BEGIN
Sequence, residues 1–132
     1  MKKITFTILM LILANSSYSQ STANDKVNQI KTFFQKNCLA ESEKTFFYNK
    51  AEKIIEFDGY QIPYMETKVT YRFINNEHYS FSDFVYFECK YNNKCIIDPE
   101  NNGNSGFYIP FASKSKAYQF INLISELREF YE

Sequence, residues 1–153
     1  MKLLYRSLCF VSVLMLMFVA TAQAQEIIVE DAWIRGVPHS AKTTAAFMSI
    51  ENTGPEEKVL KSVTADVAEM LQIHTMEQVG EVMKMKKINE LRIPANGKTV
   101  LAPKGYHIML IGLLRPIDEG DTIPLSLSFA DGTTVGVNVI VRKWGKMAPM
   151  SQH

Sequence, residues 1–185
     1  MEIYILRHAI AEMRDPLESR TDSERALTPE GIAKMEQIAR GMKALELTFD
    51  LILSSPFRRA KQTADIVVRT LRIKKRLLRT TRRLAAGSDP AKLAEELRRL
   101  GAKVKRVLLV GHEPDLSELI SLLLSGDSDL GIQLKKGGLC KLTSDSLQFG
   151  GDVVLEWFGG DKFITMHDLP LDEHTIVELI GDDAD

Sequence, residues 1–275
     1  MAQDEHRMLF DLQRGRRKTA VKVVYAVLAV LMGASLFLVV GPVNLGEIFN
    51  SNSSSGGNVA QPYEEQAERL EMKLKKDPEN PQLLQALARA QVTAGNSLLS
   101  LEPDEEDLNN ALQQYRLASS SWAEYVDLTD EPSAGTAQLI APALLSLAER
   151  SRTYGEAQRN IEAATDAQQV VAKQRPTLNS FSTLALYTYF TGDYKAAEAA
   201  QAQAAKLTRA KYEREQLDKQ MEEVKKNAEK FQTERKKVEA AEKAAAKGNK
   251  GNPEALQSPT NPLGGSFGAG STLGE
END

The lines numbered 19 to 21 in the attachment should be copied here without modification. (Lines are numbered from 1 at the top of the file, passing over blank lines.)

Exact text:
   151  SRTYGEAQRN IEAATDAQQV VAKQRPTLNS FSTLALYTYF TGDYKAAEAA
   201  QAQAAKLTRA KYEREQLDKQ MEEVKKNAEK FQTERKKVEA AEKAAAKGNK
   251  GNPEALQSPT NPLGGSFGAG STLGE